What is the role, then, for the state in the Far North?
Families need some support, but the support they are getting is not reaching those it is intended for. For example, give these families another $50 a week and Pak’nSave will pick up $30 of that. Are schools meant to be raising children? No, schools are meant to teach children, and parents are meant to feed and care for their children. Parents today lack basic skills. When I was a father at 14, I saw the writing on the wall and knew I had to get out and find work. By using up leftovers, my wife could make food out of nothing for our children. I give families food parcels, but when I visit them two days later, they tell me there is no food left. I can see the food in the box in a corner, but they don’t know how to cook it. They sabotage their children’s wellbeing by bringing in men who beat the shit out of them. They sabotage the plans and budgets we put up for them, because they are so frustrated. I know, I’ve been there.
Given those obstacles, how do you get your model to work?
You recruit someone within their family to be their natural helper, someone in the family who loves them. Our job is to find those people who will stand up and advocate for those children. But the Government says it doesn’t matter how respected the person is, if they don’t have the right qualifications, it’s not interested. The state should always go to grandparents, but unless you have qualifications, they say you are not good enough and the state will care for your grandchildren, instead. I can’t believe it.
My aunt, whose first language is Māori, is not allowed to teach te reo at the kōhanga reo because she doesn’t have qualifications. When we ran a raffle of smoked fish to raise funds for the local school, it was confiscated because we didn’t get a permit. All my aunties, who used to make cakes for the market to raise funds for their local committee, are not allowed to do it now because they don’t have a certified commercial kitchen. Our ability to help ourselves is being taken away from us. It’s madness.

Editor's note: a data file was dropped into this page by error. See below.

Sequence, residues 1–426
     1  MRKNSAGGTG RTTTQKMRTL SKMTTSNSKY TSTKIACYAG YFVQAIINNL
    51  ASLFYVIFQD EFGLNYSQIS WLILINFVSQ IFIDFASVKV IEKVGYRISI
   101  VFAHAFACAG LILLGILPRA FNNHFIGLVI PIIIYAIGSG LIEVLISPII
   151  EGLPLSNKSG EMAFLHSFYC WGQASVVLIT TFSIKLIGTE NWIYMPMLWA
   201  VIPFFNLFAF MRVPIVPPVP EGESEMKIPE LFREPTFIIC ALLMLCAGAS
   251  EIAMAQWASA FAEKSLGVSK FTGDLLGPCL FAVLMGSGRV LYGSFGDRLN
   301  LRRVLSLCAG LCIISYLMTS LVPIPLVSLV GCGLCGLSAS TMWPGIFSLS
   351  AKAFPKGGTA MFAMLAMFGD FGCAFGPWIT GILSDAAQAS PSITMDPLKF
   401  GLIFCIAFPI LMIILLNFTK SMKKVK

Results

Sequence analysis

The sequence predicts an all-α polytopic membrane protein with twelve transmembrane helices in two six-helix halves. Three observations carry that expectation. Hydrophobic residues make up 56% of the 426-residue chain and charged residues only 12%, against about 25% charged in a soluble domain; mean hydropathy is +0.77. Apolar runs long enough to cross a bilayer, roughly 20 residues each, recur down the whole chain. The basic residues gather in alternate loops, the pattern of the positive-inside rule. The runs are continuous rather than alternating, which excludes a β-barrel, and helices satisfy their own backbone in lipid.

Did anyone in your family ever step up for you?
There was a policy called Matua Whāngai, which meant when you came out of care, you had to go to extended family. It was probably the best programme Māori have ever benefited from. I was put into the care of my uncle, the late Sir Graham Latimer, and he looked after me even though I kept coming and going because I wanted to keep seeing Rosie. I have read about his work for Māori in Noel Harrison’s book Graham Latimer: A Biography. The aspirations he had for Māori are no different from mine.
Who supports you now?
We have funding and support from a range of sources. Foundation North has just funded us with $2.4 million over three years to kick-start training and employment for youth. We are teaming up with NorthTec [a tertiary education provider], so that when we teach our people budgeting, they get some unit standards. When they are taught parenting, they get some unit standards, so they are ready to start a career pathway a couple of rungs up the ladder, not at the bottom. I have learnt how to play the game and I am going to make sure these people get some qualifications. I am fighting back for them as I did when I was young. I don’t give up.
This is an edited version of an article first published in the February 24, 2018 issue of the New Zealand Listener.